Amazon has been fined $1.2 billion by Italy’s antitrust authority, Autorità Garante della Concorrenza e del Mercato or AGCM, for abusing its dominant market position. This is the second penalty AGCM has imposed on the e-commerce company over the last month. The fine is one of the largest leveraged against the company in the European Union and forms part of a long-time battle over online antitrust laws.
Explaining the Amazon fine in a press release, the antitrust watchdog said the retail giant holds a position of absolute dominance in the Italian brokerage services market. This has allowed it to promote its own logistics service, often pushing third-party selling to use Fulfillment by Amazon (FBA). According to the AGCM, sellers have to use Amazon’s logistics if they want access to benefits like the Prime label. This in turn allows them to participate in Black Friday sales and other key events.
The AGCM said having access to those functions is crucial for seller success. The antitrust authority observed that third-party sellers using Fulfillment by Amazon are not subject to the same stringent performance requirements as non-FBA sellers. They’re also less likely to be suspended from the platform if they fail to meet certain goals. Additionally, it noted that sellers using Amazon’s logistics services are discouraged from offering their products on other digital platforms (via Engadget).
As such, the Italian watchdog ruled that Amazon’s actions have harmed competing e-commerce logistics operators by preventing them from marketing themselves to online sellers as providers of services comparable to the quality of Amazon’s FBA logistics. This conduct has widened the gap between Amazon’s power and that of the competition in the e-commerce order delivery business.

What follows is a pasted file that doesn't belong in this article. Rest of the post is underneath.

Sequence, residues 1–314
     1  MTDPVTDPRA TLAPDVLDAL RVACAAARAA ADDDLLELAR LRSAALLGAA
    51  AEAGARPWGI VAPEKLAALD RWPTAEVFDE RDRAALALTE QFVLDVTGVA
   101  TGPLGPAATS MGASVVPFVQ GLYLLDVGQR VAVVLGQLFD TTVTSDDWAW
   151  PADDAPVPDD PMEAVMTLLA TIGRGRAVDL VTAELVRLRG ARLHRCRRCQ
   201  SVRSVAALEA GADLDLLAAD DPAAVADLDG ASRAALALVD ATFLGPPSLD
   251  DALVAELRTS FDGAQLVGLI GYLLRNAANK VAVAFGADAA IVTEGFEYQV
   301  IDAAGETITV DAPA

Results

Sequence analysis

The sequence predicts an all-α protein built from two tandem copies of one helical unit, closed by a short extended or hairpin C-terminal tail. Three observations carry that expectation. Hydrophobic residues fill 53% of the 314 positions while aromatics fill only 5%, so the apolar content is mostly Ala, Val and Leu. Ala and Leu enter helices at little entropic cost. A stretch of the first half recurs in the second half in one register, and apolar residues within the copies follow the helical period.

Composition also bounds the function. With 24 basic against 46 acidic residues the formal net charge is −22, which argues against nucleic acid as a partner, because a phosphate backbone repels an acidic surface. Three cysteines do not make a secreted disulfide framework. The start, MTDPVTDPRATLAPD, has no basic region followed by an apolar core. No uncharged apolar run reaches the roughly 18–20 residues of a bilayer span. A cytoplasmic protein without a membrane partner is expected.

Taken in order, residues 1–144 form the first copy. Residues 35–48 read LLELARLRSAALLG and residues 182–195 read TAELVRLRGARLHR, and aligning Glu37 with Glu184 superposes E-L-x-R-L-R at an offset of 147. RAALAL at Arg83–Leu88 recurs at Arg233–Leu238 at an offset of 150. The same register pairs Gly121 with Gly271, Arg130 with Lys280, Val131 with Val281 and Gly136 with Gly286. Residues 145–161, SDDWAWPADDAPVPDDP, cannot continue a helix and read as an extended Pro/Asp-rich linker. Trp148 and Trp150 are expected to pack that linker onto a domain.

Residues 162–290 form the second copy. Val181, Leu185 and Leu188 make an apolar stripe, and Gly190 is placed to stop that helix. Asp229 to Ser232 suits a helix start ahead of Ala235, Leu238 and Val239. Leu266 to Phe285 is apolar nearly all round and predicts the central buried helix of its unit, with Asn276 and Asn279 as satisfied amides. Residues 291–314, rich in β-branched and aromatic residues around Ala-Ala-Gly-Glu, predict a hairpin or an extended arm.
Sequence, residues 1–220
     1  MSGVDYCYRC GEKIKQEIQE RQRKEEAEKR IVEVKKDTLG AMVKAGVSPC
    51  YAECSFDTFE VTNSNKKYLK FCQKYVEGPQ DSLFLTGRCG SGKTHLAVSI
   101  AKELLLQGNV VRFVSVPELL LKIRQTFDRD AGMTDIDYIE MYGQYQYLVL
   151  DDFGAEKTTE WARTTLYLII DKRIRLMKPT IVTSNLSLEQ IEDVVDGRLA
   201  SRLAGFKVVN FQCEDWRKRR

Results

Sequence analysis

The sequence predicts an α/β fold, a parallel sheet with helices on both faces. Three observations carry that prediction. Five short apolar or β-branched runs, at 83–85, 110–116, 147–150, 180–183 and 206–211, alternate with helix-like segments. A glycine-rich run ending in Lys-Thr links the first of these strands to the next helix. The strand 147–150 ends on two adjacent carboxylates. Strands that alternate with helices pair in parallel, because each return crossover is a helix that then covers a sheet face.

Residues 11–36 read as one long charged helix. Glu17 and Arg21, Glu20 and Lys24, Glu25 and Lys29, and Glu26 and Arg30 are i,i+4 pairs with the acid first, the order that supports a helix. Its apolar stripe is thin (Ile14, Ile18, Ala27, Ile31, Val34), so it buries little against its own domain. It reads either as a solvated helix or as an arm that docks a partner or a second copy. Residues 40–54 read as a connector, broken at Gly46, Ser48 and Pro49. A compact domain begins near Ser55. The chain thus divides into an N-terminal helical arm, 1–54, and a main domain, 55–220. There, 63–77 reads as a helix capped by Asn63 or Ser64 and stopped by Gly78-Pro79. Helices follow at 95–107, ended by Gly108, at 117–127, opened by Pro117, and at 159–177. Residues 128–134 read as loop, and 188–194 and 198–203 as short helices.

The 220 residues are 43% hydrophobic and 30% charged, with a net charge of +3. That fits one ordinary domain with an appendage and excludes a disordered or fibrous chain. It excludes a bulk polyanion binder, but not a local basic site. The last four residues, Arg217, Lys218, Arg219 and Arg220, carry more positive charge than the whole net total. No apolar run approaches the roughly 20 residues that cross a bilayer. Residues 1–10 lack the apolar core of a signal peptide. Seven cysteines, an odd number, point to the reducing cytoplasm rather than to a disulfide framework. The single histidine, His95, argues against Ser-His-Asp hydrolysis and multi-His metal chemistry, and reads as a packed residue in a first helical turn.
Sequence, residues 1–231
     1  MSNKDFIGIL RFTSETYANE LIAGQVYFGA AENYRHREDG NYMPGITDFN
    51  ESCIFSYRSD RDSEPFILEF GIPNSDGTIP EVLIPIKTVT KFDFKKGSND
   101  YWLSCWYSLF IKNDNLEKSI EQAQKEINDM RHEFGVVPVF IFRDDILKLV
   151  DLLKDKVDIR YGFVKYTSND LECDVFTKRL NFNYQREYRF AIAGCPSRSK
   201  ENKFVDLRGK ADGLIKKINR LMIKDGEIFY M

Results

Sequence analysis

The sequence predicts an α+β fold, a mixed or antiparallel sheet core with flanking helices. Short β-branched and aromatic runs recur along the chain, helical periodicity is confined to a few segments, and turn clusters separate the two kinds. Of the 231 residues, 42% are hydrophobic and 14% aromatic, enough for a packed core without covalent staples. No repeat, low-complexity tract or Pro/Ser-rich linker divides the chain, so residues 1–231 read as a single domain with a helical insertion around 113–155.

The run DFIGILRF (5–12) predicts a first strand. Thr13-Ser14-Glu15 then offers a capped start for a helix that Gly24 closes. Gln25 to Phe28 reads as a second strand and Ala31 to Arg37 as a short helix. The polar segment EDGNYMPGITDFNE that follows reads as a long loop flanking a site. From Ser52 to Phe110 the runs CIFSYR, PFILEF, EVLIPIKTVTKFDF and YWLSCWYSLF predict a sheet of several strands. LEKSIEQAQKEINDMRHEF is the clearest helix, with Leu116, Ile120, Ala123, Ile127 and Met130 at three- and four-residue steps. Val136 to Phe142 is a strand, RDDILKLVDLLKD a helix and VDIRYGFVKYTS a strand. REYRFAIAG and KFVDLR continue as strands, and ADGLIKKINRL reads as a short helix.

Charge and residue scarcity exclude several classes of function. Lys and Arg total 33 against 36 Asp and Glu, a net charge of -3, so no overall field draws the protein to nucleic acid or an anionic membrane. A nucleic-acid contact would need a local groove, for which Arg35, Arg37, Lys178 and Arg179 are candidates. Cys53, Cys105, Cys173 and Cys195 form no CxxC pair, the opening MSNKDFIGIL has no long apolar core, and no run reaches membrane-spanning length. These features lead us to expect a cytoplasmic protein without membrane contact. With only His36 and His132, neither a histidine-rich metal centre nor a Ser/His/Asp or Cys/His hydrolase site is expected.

Moreover, the AGCM said it imposed the hefty billion dollar fine because it considers Amazon’s actions to be very serious given the duration and the effect they have caused. The authority has also ordered Amazon to give the same privileges enjoyed by FBA sellers to all third-party sellers, provided they abide by the rules and laws. The company will have to define and publish those standards within a year. And its actions will be enforced by a monitoring trustee, reports The Verge.
Addressing the large fine, an Amazon spokesperson said the company strongly disagrees with the decision and has plans to appeal. The e-commerce giant also said non-FBA sellers can use its Seller Fulfilled Prime (SFP) service, which gives them access to Prime benefits without having to use Amazon’s logistics services. “We strongly disagree with the decision of the Italian Competition Authority (ICA) and we will appeal.”
Amazon sees the proposed fine and remedies as unjustified and disproportionate. According to the company, more than half of all annual sales on Amazon in Italy come from SMBs, and their success is at the heart of their business model. All businesses have access to various channels with which to sell their products – both online and offline. Amazon just happens to be one of those options. “We constantly invest to support the growth of the 18,000 Italian SMBs that sell on Amazon, and we provide multiple tools to our sellers, including those who manage shipments themselves,” the spokesperson told Engadget.
Interestingly, this is not the first time Amazon has come under fire for breaking antitrust laws in Italy. Last month, Amazon was fined by antitrust regulators for conspiring to limit the supply of Apple and Beats products. The company is currently disputing the case.